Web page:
‘While it was a difficult time, initially, it certainly wasn’t handled as appallingly as the recent removal of the GTCC council, which was rude and chaotic,’ said Mave. ‘The new Midcoast Council area will be very large for 11 Councillors, when you take in Gloucester, Stroud and surrounding villages all the way through the Manning to Great Lakes. It’s a big area for Councillors to get around, to learn about issues, talk to constituents and attend meetings, rather than just being familiar with one’s own neck of the woods. Each area has its own lifestyles, needs and wishes. It will be a big challenge, with a new culture and new way of doing things, to achieve the best outcomes for the whole area, and to achieve equal membership and representation. The logistics will be difficult, as there are three different internal operating systems used by the three councils, which have to be merged into one effective system, and there’s no road map for that! The previous councils even had a different set of assessments, for things like road deterioration.
‘Everyone has to regard this amalgamation as an opportunity, there’s no going back, so it’s an opportunity to reinvent the whole thing for the better, for all of us. Hopefully.’
Councillor Kathryn Bell, sitting on the interim Midcoast Council added, ‘The role of a Councillor is complex and challenging. It’s balancing council rules, policies, plans, procedures, understanding legislative responsibilities, leadership and expectations of constituents, together with council colleagues. There are internal and external influences, competing interests and constraints, such as changing legislation, finance, governance, reviews and reform agendas. I think the required skills-set of an elected local leader, to effectively deal with these challenges, is broad. Councillors generally start with limited, or no, relevant experience, before being called on to make critical decisions.
‘I highly recommend that any potential candidate seek and discuss, with former Councillors, their experience, and read/research extensively, to understand expectations and decision making.
‘For me, being a Councillor, has been challenging and well worth the time and commitment. Taking-up the opportunity has provided me with much satisfaction, and personal growth from learning, and I feel privileged to have served my community.’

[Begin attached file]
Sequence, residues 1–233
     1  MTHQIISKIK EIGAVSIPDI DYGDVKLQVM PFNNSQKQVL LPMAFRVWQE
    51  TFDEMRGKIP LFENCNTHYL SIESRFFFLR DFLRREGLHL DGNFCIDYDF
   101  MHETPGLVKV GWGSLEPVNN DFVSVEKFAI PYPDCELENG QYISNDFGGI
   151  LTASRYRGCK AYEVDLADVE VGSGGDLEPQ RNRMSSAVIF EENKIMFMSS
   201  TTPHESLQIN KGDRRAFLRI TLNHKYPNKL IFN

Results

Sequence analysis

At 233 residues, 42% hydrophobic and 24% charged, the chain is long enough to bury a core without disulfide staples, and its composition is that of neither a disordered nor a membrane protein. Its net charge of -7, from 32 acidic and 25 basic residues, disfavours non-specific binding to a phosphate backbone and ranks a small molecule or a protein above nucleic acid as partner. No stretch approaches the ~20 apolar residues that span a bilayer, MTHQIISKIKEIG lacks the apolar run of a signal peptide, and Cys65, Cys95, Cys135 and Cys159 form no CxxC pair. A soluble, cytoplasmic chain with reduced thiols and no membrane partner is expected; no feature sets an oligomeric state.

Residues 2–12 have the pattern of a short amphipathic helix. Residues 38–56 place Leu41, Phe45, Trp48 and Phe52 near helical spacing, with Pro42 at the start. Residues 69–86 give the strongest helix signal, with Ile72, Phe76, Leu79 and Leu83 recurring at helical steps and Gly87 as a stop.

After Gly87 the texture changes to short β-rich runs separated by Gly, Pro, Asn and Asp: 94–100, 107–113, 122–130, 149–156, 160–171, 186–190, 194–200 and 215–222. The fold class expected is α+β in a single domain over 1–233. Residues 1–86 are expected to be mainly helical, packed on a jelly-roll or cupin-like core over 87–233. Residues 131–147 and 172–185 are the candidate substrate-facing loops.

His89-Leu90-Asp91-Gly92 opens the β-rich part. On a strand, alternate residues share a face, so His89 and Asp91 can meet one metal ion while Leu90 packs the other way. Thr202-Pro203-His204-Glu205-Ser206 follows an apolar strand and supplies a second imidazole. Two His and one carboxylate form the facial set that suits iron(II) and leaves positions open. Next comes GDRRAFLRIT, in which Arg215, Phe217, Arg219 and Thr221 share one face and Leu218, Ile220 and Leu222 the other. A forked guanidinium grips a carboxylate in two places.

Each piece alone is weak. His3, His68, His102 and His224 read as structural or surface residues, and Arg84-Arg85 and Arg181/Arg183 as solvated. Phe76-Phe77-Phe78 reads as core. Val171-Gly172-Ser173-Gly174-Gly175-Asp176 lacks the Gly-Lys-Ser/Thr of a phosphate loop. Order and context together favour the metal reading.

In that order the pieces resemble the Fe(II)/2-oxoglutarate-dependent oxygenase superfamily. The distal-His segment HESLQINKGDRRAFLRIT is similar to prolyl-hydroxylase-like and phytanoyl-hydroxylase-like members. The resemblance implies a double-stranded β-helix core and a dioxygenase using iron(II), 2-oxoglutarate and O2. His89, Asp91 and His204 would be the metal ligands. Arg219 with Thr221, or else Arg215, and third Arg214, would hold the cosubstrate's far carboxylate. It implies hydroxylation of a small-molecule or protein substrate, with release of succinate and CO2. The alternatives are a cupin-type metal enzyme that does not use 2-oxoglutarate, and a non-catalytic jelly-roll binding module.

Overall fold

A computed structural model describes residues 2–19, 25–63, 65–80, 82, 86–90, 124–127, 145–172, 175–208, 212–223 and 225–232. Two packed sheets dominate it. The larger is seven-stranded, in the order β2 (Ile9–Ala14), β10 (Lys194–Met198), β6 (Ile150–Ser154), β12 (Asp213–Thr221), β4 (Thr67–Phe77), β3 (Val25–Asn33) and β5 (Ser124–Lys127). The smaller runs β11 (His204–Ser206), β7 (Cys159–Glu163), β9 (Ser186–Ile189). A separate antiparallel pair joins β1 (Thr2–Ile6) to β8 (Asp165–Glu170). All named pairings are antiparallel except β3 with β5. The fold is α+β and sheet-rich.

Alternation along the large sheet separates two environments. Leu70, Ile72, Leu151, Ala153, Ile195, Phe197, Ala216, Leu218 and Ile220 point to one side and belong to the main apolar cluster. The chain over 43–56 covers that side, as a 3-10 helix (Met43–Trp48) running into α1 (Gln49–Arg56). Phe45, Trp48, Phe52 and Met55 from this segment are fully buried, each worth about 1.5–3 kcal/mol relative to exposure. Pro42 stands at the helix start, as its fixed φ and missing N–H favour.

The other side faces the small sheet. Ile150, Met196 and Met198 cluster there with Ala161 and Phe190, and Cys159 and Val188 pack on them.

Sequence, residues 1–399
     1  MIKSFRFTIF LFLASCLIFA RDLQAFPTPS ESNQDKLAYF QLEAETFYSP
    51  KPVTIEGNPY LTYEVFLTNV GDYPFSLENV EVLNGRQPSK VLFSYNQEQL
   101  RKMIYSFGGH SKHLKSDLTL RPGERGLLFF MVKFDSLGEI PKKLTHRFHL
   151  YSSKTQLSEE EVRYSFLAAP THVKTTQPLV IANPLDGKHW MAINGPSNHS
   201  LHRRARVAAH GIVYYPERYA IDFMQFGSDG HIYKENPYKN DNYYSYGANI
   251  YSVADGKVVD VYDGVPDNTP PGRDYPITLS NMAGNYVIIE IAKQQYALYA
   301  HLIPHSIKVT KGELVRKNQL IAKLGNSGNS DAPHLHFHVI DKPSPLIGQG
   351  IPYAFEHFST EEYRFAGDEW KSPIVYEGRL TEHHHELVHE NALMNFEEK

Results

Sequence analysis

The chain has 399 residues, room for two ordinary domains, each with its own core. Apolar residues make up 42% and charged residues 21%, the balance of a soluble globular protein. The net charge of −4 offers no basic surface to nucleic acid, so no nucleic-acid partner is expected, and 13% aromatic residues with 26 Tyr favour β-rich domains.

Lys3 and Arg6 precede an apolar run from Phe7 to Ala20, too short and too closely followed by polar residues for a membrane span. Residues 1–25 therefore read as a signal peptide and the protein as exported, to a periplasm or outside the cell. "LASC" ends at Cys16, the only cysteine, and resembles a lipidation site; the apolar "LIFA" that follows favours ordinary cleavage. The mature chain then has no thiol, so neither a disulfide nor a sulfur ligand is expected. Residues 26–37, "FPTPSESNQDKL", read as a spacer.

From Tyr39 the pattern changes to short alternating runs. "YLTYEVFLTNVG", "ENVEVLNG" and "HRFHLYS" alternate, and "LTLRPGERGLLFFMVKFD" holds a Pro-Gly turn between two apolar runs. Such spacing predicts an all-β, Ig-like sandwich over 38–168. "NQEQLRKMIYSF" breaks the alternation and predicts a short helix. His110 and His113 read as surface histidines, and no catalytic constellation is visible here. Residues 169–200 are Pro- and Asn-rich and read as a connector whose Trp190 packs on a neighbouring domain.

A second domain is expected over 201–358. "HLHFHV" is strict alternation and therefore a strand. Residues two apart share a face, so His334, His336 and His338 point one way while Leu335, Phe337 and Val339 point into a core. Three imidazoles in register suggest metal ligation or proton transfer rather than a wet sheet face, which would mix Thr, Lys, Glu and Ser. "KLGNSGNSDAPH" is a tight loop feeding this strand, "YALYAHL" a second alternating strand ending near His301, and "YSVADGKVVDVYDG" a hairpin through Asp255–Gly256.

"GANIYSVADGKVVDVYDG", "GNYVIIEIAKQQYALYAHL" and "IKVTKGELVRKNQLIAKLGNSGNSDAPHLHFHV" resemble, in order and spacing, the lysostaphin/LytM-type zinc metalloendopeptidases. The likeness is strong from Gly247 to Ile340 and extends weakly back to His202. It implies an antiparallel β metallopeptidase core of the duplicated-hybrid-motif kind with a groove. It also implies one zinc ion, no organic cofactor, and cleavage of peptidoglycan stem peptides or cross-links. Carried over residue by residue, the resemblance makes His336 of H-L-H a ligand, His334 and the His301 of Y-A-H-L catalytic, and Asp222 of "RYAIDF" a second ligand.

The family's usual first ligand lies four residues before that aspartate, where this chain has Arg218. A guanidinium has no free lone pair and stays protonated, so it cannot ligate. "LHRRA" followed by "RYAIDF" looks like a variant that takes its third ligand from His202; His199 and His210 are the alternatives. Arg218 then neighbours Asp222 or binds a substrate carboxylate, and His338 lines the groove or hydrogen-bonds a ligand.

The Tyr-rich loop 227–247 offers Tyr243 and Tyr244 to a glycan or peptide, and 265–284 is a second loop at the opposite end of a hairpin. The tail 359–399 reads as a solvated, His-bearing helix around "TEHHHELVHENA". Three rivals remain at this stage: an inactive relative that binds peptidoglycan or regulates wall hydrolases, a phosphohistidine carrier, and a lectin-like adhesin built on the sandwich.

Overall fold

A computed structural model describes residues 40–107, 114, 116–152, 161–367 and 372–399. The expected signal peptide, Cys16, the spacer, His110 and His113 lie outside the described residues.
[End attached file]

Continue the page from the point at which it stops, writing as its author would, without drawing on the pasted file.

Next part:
So, there are many things upon which to decide. Running on a ticket above the line, where one stands a better chance of getting a Yes tick by lazy voters, or from those who know you and your team, rather than running as an individual below the line is preferable. It’s a numbers game, and it’s a strategic game.
Voters are territorial, we vote for candidates we know and who are generally local, and whom we feel will do the best for us.
However, given the broad canvas of our new electorate, voters need to choose the best candidate, whether from their area or not, but who will achieve the most and have the most impact
upon the new council.
Voters will need to be unified, and vote for the better person for the good of all, whether that candidate be from their local area or not, which is why candidates need to start making themselves known as soon as possible, to as large an area as possible.
The bottom line remains that people will vote for varying reasons for the candidate of their choice.
But, wouldn’t it be good to be going into the polling booth, a little under a year from now, with an impressive, familiar, knowledgeable lineup of committed candidates that we care about, because we feel that they will care for us?
Step up! Or encourage someone you think worthy of our support. Your electorate needs you NOW, so we will not pushed around by Sydney and political parties with barrows to push. Then We can’t say we weren’t warned!